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Galápagos Islands: Day 1

I got up early, paid for the hostel and got in a taxi to the airport. During the taxi ride, the hostel called and said they had undercharged me by $20.50. I had thought the rate rather low. The taxi driver was heading back to that area so I sent him with the rest of my hostel money. It was really quite funny and I’m glad it all worked out. I hopped onto the airplane after an extended screening process (due to destination) and worked on my very out-of-date blog for all you wonderful people who are reading this.

Everything went on halt with the spotting of land and for good reason.

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Fast Times in Quito

I left Otavalo for Quito after classes on Tuesday afternoon. Leonora fed me lunch even though she didn’t have to. That just goes to show what a lovely person she is. I took a taxi from the bus station in Quito to the hostel I found in the Mariscal district (also known as GringoTown). The taxi driver was quite nice and we taught each other bad words in our respective first languages. The highlight of the drive was him using some of his new vocabulary when some people walked right in front of his cab.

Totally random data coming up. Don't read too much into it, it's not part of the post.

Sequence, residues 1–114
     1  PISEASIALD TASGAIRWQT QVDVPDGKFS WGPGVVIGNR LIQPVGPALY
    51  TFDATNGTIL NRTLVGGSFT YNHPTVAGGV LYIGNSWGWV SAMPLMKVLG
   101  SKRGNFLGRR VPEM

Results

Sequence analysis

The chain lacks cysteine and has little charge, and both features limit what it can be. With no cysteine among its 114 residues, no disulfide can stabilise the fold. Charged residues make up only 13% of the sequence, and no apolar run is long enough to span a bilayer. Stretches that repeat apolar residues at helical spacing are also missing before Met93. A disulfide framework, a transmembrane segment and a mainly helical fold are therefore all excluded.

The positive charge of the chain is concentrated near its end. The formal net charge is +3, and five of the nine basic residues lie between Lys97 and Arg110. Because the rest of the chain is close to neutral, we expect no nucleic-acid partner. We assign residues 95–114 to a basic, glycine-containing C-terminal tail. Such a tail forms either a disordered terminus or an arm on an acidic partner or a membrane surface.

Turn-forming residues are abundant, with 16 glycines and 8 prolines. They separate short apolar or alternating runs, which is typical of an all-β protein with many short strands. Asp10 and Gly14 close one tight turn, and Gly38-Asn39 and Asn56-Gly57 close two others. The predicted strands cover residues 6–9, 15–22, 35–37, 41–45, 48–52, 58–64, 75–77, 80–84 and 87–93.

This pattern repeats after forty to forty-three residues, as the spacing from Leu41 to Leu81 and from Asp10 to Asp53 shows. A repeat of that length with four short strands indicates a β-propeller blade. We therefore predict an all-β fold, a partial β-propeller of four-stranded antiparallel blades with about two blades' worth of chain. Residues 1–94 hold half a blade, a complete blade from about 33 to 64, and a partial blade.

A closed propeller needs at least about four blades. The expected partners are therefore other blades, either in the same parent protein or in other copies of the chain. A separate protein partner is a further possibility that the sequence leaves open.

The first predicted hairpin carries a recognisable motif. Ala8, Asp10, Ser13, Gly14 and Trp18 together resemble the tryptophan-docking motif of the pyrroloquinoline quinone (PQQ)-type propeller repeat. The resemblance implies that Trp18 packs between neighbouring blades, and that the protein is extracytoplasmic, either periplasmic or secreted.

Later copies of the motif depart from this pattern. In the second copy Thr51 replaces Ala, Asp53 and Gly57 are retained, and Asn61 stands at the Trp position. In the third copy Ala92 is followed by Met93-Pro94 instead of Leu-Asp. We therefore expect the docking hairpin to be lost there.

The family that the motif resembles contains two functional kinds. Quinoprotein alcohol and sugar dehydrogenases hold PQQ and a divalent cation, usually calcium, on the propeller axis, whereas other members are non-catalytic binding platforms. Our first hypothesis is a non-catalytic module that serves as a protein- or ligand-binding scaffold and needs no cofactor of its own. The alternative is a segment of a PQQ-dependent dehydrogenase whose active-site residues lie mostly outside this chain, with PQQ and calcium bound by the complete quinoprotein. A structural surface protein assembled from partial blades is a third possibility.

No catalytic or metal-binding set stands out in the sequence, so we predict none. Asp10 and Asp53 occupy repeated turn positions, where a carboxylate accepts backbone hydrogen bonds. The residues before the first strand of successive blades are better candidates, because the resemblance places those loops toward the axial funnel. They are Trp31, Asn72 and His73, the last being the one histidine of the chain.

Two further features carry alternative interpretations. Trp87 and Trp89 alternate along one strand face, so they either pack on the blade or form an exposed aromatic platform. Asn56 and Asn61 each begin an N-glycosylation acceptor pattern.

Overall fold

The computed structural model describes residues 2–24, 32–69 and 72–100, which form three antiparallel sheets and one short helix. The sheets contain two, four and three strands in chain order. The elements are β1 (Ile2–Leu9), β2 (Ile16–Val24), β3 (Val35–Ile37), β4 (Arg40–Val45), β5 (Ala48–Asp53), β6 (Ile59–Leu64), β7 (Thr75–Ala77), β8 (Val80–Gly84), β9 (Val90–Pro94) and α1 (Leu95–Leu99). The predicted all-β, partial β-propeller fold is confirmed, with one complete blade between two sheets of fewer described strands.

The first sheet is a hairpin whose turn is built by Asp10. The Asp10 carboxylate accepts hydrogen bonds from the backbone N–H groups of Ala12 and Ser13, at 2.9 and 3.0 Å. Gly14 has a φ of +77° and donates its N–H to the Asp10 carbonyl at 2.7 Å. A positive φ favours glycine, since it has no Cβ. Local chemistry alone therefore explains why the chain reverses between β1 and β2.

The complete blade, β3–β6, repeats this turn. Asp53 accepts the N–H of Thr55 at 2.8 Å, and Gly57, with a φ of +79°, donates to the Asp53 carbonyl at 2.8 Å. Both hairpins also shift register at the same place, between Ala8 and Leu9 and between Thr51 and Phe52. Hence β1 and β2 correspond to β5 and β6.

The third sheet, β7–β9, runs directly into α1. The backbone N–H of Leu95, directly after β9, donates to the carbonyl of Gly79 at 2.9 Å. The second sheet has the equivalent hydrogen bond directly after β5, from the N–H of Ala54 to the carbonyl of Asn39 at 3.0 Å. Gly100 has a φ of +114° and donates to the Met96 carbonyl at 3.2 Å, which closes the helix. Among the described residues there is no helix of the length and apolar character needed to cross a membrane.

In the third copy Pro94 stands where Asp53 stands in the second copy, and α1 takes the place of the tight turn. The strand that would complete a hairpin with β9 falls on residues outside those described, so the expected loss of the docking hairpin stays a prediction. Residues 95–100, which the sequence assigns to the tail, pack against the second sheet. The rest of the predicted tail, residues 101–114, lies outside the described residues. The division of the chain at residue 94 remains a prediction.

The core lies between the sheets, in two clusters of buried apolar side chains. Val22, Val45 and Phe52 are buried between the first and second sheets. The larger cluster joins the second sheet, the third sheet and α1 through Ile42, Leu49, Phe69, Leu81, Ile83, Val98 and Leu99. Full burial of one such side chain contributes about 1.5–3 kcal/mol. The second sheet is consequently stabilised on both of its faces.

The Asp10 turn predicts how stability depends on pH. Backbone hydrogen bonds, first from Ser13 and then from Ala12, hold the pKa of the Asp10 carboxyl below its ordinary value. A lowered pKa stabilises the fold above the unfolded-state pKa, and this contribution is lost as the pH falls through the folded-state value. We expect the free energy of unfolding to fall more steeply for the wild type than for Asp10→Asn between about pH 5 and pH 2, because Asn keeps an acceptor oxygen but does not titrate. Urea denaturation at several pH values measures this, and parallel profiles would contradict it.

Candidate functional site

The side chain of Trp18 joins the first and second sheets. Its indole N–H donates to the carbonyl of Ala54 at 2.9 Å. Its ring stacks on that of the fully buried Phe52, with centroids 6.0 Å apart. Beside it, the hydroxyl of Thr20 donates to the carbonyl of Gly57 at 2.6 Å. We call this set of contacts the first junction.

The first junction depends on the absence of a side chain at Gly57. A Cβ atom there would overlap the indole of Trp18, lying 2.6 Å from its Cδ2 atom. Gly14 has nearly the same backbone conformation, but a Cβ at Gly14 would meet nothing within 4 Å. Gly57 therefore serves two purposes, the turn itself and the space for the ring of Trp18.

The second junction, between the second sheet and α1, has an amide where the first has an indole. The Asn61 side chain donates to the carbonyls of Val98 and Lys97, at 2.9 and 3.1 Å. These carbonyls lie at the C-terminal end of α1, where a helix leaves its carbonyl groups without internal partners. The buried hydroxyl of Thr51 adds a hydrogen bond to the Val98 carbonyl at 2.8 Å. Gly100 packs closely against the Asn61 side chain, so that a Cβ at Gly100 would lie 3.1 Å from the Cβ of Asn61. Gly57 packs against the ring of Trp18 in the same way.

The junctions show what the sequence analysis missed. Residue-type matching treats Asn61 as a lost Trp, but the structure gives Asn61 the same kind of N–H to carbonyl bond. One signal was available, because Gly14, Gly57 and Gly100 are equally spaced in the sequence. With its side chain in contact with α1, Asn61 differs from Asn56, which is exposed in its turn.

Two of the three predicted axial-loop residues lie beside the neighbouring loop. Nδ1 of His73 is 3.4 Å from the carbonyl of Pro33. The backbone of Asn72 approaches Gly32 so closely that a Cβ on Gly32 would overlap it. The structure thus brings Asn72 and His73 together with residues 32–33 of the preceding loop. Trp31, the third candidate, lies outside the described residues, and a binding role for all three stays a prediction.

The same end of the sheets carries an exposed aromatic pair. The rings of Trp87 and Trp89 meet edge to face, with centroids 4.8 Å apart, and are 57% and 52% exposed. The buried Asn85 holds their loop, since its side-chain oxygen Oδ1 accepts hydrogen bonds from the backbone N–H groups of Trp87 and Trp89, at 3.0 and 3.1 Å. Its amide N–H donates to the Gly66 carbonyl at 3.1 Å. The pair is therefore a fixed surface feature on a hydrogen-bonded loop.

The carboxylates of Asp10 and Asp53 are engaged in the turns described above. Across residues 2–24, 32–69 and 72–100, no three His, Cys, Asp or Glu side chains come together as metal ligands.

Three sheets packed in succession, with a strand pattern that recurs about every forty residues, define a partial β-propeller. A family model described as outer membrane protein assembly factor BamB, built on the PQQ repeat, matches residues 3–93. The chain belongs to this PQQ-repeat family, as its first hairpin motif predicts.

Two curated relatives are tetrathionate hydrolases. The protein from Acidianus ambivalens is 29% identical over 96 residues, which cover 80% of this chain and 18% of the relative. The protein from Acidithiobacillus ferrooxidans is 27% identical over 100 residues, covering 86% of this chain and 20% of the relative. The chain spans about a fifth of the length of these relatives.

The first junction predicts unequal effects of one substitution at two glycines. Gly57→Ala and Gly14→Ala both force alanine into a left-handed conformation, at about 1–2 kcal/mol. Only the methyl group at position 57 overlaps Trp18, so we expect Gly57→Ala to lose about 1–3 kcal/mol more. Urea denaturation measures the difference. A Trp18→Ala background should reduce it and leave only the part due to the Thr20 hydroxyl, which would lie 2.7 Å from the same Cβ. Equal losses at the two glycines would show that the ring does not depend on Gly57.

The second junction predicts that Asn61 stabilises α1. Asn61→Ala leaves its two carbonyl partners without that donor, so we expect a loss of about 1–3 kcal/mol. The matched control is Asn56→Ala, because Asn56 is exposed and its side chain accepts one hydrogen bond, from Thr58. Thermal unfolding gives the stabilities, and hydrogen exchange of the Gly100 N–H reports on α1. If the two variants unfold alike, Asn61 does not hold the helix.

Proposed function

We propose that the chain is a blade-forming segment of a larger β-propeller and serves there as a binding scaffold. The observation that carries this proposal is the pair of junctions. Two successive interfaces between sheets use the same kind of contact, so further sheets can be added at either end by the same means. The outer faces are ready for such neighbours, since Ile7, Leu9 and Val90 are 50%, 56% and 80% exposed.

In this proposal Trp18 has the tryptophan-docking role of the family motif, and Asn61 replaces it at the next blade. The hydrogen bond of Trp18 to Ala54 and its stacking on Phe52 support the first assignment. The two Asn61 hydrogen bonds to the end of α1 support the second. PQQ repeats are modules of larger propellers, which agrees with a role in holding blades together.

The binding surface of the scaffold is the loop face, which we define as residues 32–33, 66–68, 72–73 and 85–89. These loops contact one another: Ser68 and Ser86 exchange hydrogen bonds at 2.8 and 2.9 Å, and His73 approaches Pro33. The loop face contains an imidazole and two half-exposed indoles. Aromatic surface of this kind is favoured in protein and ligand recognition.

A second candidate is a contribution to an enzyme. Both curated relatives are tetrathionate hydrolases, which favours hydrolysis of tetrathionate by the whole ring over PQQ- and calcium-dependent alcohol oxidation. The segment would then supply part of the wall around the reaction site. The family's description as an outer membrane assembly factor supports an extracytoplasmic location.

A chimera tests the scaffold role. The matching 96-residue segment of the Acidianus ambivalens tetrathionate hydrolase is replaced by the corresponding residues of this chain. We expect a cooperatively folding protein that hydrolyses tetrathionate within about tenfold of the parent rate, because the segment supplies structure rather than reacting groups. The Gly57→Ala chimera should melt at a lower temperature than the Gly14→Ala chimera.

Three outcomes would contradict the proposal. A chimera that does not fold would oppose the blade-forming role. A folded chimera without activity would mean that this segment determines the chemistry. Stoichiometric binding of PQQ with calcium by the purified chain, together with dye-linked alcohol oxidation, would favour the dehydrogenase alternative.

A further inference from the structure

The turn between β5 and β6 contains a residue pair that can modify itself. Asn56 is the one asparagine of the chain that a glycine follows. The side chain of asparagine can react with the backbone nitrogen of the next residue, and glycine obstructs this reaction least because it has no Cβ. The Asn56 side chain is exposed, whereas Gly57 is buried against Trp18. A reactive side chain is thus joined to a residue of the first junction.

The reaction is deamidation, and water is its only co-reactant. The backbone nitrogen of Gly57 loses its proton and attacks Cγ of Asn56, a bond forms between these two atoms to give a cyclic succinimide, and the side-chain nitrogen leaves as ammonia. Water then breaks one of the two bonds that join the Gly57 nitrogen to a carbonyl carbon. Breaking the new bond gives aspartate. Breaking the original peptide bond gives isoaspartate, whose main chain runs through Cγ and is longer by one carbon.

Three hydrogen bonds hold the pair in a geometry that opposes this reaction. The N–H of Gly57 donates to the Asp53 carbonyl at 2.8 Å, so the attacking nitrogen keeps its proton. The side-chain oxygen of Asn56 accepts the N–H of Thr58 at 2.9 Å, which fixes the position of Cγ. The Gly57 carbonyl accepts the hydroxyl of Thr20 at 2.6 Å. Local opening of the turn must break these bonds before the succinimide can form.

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Three Weeks Well Spent in Otavalo 

Otavalo is a small city north of Quito. It is famous for its Saturday markets and has many handicrafts in the Plaza de Ponchos every day of the week. This is the place I chose as a temporary home while studying Spanish. I have a problem, you see, and it is that yo no hablo Español. This problem can prove quite difficult when traveling alone in countries where Spanish is the language of communication.

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We moseyed on to Paracas after checking out the Nazca lines. We were exhausted from being on the move all the time and thought it would be nice to spend a few days in the same place…and in all honesty, we needed to do laundry which is quite difficult if you’re always moving. We arrived in Paracas and it’s pretty much one street with another almost-street along the water. There are a lot of restaurants but we figured they were all more or less the same. Tripadvisor didn’t say anything about most of them so we weren’t very excited about the food but we were very excited about having a place to call home for more than one night.